The battle to force the BBC to share its license fee has intensified as Blighty media minister Ben Bradshaw accused the pubcaster of “wrong-headed” leadership over the issue.
The news comes as profits at commercial arm BBC Worldwide slumped 27% to £86 million ($140 million) for the year ending in March. That’s despite the fact that revenue broke through the £1 billion ($1.6 billion) barrier for the first time.
Bradshaw, the former BBC foreign correspondent appointed last month as secretary of state for the Dept. of Culture, Media and Sport, claimed the pubcaster’s leadership has lost the confidence of senior staff.
He said the opposition of toppers Michael Lyons and Mark Thompson to sharing license fee coin (paid by all U.K. homes with a TV) with cash-strapped commercial rivals to fund their public broadcasting service requirements — such as local news — was misguided and “ultimately self defeating.”
His comments came in an interview with the Financial Times that coincided with the publication of the BBC’s annual report on Tuesday. Speaking at the BBC report’s launch, Lyons, who chairs governing body the BBC Trust, repeated his opposition to sharing the fee, first proposed in the government’s Digital Britain report.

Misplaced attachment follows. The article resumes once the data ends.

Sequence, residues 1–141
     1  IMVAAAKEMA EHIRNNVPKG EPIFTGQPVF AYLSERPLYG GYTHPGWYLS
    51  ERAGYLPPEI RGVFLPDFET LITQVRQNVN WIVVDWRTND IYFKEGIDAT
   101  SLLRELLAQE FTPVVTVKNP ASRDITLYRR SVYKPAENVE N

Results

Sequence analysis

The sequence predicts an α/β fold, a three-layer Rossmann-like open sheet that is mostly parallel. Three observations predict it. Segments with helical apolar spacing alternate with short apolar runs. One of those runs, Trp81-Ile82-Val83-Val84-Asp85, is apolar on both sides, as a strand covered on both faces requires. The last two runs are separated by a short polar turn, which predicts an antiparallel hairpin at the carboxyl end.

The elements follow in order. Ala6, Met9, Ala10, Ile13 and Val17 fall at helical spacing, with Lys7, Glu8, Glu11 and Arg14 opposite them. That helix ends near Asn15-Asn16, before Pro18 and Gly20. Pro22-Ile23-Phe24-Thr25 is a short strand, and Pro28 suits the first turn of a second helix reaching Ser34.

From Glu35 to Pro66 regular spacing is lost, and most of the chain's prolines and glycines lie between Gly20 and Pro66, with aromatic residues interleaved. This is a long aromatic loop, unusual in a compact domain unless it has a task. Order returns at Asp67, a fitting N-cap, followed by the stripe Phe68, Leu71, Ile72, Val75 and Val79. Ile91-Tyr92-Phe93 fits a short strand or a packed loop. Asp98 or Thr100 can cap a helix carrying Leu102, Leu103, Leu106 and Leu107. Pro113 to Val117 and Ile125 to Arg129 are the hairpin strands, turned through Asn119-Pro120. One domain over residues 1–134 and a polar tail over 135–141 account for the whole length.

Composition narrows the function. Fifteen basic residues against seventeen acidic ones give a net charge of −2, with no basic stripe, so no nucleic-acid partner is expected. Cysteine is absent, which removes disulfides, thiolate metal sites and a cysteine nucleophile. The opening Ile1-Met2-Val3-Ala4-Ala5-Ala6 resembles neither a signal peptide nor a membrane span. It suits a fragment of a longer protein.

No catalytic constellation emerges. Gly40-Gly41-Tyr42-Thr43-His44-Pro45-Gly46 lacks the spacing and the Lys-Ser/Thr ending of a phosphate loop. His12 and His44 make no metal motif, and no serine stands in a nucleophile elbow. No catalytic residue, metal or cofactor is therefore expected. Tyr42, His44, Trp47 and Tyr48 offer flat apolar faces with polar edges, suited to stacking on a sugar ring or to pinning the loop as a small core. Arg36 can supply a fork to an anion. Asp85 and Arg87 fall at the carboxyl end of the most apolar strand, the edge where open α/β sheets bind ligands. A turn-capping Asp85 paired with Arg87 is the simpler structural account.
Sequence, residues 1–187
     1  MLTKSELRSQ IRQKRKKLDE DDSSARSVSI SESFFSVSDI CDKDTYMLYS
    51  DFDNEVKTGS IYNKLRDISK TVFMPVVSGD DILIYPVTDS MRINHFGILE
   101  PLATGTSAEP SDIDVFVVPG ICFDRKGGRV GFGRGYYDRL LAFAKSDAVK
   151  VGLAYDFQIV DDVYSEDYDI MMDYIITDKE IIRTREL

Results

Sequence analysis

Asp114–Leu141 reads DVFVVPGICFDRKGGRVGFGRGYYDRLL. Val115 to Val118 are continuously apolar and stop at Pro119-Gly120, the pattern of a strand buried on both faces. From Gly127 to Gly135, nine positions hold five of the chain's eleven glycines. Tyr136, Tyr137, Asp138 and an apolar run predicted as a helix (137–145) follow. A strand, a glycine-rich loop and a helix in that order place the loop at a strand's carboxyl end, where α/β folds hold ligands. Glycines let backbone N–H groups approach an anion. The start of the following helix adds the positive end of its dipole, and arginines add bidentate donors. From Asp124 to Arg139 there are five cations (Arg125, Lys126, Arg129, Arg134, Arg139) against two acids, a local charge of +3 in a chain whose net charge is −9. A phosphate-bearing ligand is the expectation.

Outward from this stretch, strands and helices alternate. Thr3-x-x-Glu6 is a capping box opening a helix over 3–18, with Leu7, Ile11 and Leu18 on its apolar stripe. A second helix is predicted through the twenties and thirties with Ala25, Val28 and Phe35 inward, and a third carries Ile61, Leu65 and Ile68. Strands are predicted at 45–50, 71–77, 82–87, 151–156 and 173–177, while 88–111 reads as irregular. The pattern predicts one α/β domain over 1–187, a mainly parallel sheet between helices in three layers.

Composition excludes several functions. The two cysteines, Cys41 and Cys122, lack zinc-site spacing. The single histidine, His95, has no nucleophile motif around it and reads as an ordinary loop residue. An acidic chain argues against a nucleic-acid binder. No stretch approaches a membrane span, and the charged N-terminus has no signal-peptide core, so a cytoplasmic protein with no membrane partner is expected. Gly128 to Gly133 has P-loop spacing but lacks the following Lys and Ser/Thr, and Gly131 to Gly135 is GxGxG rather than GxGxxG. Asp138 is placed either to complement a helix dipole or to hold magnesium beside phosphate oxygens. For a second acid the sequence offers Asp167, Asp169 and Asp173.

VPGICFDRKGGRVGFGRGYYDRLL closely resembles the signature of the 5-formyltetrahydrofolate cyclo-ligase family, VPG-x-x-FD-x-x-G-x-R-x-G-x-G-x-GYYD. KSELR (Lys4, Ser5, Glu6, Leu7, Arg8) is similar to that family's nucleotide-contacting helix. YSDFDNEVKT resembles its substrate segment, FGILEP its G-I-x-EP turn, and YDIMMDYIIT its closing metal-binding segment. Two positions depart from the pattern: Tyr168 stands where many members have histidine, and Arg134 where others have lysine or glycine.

He said, “You run the risk of the license fee becoming a back pocket for government, used to fund an increasing range of activities with damage to accountability, eventually the independence of the BBC, and run the risk of a higher license fee in the future.”
Lyons also announced that bonuses for the 10 most senior execs were being suspended indefinitely.
There is huge public anger over what is perceived as the high salaries paid to the execs, not least the remuneration given to director general Thompson, who earned $1.36 million last year, according to the annual report.